We’ve all heard our parents yell at us to spend some time outdoors instead of being cooped up at home all day. But do we actually feel better outside compared to the comfort of our couch?
Time recently revealed that going outside does change the way our brain works, but not in the ways we expect.
Research led by Kyle Mathewson, an assistant professor of psychology at the University of Alberta in Canada, found that the brain behaves differently depending on the external stimuli it receives. For example, taking a nice slow stroll in the park will differ from walking down a busy street sidewalk.
The study gave participants a simple task to perform while outside, and the results showed that most had difficulty completing it due to other factors affecting their attention.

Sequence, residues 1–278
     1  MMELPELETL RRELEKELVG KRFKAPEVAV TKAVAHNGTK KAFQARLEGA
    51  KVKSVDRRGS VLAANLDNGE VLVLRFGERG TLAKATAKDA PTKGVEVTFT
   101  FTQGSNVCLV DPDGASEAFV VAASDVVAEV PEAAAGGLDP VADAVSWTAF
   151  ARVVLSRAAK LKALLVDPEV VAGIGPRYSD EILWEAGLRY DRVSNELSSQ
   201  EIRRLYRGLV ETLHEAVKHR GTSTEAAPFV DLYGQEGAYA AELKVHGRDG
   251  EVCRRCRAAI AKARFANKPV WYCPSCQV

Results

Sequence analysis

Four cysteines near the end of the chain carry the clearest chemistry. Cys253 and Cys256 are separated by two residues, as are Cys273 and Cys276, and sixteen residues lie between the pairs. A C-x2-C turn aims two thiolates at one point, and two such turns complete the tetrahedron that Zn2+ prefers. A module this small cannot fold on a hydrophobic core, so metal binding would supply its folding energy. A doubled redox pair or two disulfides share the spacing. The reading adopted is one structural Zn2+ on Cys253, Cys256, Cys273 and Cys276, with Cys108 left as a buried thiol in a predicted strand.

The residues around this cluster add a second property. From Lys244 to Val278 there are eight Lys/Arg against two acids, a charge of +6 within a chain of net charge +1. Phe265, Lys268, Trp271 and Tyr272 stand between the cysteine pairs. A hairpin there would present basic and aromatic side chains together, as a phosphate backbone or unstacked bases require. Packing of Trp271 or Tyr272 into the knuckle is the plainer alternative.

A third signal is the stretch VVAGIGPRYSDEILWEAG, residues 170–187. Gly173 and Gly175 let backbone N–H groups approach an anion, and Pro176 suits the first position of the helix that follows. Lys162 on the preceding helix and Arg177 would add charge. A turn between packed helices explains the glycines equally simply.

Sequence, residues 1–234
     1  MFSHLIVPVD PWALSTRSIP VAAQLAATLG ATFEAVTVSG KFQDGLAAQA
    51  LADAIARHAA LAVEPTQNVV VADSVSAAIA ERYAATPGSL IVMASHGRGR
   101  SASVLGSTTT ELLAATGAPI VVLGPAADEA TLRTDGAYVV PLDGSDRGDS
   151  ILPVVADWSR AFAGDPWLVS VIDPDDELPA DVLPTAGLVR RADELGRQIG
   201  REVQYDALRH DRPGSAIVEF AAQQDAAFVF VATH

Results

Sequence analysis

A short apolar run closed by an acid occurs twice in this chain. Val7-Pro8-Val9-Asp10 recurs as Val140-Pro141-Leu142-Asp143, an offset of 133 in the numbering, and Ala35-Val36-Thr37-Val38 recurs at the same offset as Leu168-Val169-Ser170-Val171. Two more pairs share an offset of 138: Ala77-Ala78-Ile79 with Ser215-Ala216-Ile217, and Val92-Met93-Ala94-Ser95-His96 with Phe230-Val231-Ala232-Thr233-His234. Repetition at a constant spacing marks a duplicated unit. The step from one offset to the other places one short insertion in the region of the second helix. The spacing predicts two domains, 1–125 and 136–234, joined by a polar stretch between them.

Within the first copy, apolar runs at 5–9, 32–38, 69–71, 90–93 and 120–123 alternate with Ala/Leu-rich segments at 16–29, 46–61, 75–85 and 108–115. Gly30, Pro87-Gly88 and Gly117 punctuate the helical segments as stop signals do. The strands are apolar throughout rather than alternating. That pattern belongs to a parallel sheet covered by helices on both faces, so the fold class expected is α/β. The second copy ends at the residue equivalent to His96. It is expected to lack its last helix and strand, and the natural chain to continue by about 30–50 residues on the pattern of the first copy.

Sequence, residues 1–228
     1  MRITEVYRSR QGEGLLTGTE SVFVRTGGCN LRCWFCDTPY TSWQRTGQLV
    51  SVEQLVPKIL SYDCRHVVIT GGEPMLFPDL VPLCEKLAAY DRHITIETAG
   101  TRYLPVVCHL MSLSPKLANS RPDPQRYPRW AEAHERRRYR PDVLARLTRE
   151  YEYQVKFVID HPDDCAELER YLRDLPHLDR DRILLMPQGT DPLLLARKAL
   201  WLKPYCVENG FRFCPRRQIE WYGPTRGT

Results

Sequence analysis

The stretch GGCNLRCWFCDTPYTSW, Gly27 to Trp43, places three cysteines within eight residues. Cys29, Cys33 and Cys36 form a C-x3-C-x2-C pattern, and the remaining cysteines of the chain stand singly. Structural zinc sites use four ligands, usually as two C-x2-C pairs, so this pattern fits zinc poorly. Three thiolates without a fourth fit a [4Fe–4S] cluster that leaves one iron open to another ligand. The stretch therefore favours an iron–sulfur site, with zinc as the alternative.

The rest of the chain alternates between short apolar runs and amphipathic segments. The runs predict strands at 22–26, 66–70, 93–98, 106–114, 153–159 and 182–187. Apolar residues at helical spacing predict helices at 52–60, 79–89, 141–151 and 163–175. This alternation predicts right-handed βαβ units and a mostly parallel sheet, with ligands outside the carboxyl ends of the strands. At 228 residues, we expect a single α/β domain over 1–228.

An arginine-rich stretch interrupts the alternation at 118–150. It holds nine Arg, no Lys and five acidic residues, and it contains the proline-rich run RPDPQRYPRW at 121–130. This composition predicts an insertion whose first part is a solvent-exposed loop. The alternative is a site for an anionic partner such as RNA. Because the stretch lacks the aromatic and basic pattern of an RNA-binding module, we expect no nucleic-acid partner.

“[T]here are traffic sounds, and the sights of traffic, and all these people around you, and trees and birds and the wind and the cold,” Mathewson says. “All these extra sensations are kind of competing with the task that you’re doing.”
While it seems negative at first, past studies have supported the theory that you will gain several mental health benefits from spending time outdoors in nature. Mathewson clarifies that “[g]oing outside in this case might have appeared bad because we went outside beside busy traffic.” He also states that more studies have to be done to truly understand how outdoor activity affects the brain.
Basically, if you want to get some fresh air, please don’t go down to a crowded and noisy shopping district. It won’t do your brain much good.
By Gilbert Wong, Men’s Health Content Producer